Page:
dog burying a treat in the ground

Why Do Dogs Hide or Bury Their Treats?

Dogs bury their treats for a variety of reasons often rooted in their natural instincts and behaviour. This practice known as caching stems from their wild ancestors who needed to save excess food for times of scarcity. 

By burying treats, dogs emulate this survival strategy, ensuring they have a hidden reserve for later consumption. Additionally, burying treats can be a way for dogs to protect their prized possessions from other animals or perceived threats. 

Understanding this behaviour provides insight into the instinctual actions of dogs and highlights the fascinating ways in which domestic dogs still retain traits from their wild counterparts.

Why do dogs bury food?

Top Reasons Why Dogs Bury Their Food

Instinctual Behaviour

Dogs are domesticated descendants of wild canines, such as wolves and foxes. In the wild, these animals often must hunt for their food and may not know when their next meal will come. To ensure they have enough to eat during times of scarcity, they bury their food. This behaviour, known as "caching," helps preserve the food by keeping it out of sight from other animals and preventing it from spoiling quickly. Even though domestic dogs typically have a steady food supply, this instinct can still manifest in the form of burying treats.

Observations in Domestic Dogs: You might notice that certain breeds or individual dogs exhibit this behaviour more frequently. Breeds with a strong prey drive, such as terriers or hounds, might be more inclined to bury treats because of their historical roles in hunting and scavenging.


Burying treats can make dogs feel more secure about their food supply. By hiding their treats, dogs may be trying to protect their resources from potential thieves. In a multi-pet household, for instance, a dog might bury its treats to keep them away from other pets. This behaviour ensures that the dog can enjoy its treat later without the risk of it being taken away.

Anxiety and Insecurity: Dogs that have experienced food scarcity or competition in the past may be more prone to burying their treats. Rescue dogs, or those from environments where food was limited, often display this behaviour as a coping mechanism for their past experiences.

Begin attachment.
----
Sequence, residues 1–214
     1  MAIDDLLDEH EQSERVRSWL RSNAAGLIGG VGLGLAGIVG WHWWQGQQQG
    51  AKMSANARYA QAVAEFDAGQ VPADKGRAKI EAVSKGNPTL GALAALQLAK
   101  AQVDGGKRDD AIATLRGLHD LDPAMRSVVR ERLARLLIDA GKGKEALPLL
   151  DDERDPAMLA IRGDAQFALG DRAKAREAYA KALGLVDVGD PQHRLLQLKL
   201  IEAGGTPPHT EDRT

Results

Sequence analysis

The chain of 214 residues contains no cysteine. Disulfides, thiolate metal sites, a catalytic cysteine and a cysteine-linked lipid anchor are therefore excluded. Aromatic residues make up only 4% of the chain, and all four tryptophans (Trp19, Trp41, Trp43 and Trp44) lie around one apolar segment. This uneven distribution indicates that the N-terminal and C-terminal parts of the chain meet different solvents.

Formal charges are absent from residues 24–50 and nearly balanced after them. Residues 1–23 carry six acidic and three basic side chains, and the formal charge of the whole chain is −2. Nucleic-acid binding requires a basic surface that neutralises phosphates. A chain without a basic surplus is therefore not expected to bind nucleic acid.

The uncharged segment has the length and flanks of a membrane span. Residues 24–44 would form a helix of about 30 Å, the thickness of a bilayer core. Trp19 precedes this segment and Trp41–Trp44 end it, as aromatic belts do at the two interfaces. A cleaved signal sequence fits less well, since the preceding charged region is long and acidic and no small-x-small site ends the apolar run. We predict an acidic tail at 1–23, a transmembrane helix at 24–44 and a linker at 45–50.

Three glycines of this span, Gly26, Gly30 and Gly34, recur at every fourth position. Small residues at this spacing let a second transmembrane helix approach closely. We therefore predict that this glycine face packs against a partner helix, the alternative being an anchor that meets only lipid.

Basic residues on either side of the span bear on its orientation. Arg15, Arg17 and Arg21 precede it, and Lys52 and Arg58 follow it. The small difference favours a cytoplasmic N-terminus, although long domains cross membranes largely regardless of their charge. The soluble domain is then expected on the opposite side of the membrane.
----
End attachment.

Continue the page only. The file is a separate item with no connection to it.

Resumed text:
When dogs have more treats than they can consume at once, they might bury some of them to save for later. This is particularly common in situations where a dog receives multiple treats or has access to a large amount of food. The behaviour is a way to manage surplus resources, ensuring they can be enjoyed at a future time when food might not be as readily available.

Managing Excess: Owners can manage this by offering treats in smaller quantities or using treat-dispensing toys that challenge dogs to work for their rewards, mimicking the effort they would expend in the wild to obtain food.


For some dogs, the act of digging and burying is simply fun. It can be an enjoyable and stimulating activity that provides both mental and physical exercise. The process of burying a treat involves planning and problem-solving, which can be mentally engaging for a dog. This behaviour can be part of their natural play, offering a way to expend energy and satisfy their curiosity.

Variety in Activities: Incorporate a variety of games and exercises into your dog’s routine to keep them engaged. Activities like hide-and-seek with toys, agility training, and interactive play can help fulfill their need for stimulation.

Territorial Behaviour

Dogs are naturally territorial animals. By burying treats, they might be marking their territory and asserting ownership over their resources. This behaviour can be a way of communicating to other animals that a certain area belongs to them and that the buried treats are theirs. It’s a way of establishing dominance and control over their environment.

Social Dynamics: Understanding your dog's social dynamics within the household can help address territorial behaviours. Providing individual spaces for each pet to enjoy their treats can reduce competition and stress.

Comfort and Satisfaction

The act of burying treats can provide dogs with a sense of comfort and satisfaction. It can be a calming activity that helps them feel in control. For some dogs, the process of finding a good spot, digging, and covering up the treat is a soothing ritual that gives them a sense of accomplishment. This behaviour can be especially pronounced in dogs that have been through periods of food insecurity or stress.

Calming Effects: Like how humans find certain repetitive actions calming, dogs can derive comfort from burying treats. This can be especially beneficial for dogs that experience anxiety or stress.